ANN ARBOR, Mich. Ghanaian Obstetrics and Gynecology residents say in-country training programs contributed to their decision to remain in their home country to practice medicine, new University of Michigan research shows.
The retention of trained health care providers in developing countries is a key component to improving health and achieving the United Nations' Millennium Development Goals, which aim to decrease maternal and child mortality. But the migration of health workers from developing to developed countries has resulted in a health care workforce crisis that continues to threaten progress in global health.
U-M research to be published today in the journal Academic Medicine shows that the in-country program is one of three factors that contribute strongly to OB/GYN residents not migrating out of country to practice medicine.
"The most important factor is that there is a program in place for medical students to enter when they finish so they don't have to leave the country for obstetrics and gynecology training," says Frank Anderson, M.D., MPH, associate professor in the Department of Obstetrics and Gynecology at U-M, and a lead author in the study.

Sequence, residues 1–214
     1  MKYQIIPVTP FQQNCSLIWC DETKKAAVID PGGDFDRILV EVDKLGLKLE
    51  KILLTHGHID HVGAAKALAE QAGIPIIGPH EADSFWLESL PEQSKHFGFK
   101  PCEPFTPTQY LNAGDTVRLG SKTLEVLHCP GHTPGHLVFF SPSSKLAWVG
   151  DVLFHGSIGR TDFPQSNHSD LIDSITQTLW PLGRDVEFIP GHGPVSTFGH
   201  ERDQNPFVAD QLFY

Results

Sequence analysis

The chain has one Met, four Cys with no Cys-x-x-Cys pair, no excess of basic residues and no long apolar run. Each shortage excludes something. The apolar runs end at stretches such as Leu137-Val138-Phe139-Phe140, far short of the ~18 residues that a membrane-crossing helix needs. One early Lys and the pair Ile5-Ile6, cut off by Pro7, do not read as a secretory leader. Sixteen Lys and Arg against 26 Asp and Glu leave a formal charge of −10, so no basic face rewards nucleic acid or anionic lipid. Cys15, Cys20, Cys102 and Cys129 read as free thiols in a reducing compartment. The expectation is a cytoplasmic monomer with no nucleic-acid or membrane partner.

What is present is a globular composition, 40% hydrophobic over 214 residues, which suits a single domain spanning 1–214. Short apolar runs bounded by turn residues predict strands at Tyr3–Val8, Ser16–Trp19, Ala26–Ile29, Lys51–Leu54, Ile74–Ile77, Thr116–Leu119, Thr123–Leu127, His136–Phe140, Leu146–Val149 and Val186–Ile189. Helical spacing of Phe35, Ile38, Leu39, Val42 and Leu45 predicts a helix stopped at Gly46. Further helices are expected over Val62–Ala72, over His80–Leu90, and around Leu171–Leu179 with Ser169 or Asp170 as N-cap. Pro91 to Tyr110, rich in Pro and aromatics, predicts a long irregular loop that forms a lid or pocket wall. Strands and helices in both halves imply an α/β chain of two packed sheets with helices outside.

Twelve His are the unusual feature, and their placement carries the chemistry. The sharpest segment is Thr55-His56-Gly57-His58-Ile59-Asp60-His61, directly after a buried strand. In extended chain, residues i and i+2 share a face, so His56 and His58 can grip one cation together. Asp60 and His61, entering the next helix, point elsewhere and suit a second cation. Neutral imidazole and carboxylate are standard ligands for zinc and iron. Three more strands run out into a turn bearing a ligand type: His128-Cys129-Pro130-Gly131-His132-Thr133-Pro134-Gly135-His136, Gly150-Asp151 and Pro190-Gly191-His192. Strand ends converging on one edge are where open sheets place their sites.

The U-M Department of Obstetrics and Gynecology has been working with the two major academic medical centers in Ghana for over 20 years Korle-Bu Teaching Hospital (Accra, Ghana) and Komfo Anokye Teaching Hospital (Kumasi, Ghana). The program has played an ongoing role in supporting OBGYN training in Ghana.
"Partnerships between academic health centers in developed and developing countries provide opportunities to address the global health care crisis in a significant and sustainable way," Anderson says, adding that such programs have longevity that other efforts can't match.
Brain drain is a well-documented problem. According to the Ghana Ministry of Health, approximately 60% of physicians trained in Ghana in the 1980s left the country. As of 20
|Contact: Margarita B. Wagerson|
University of Michigan Health System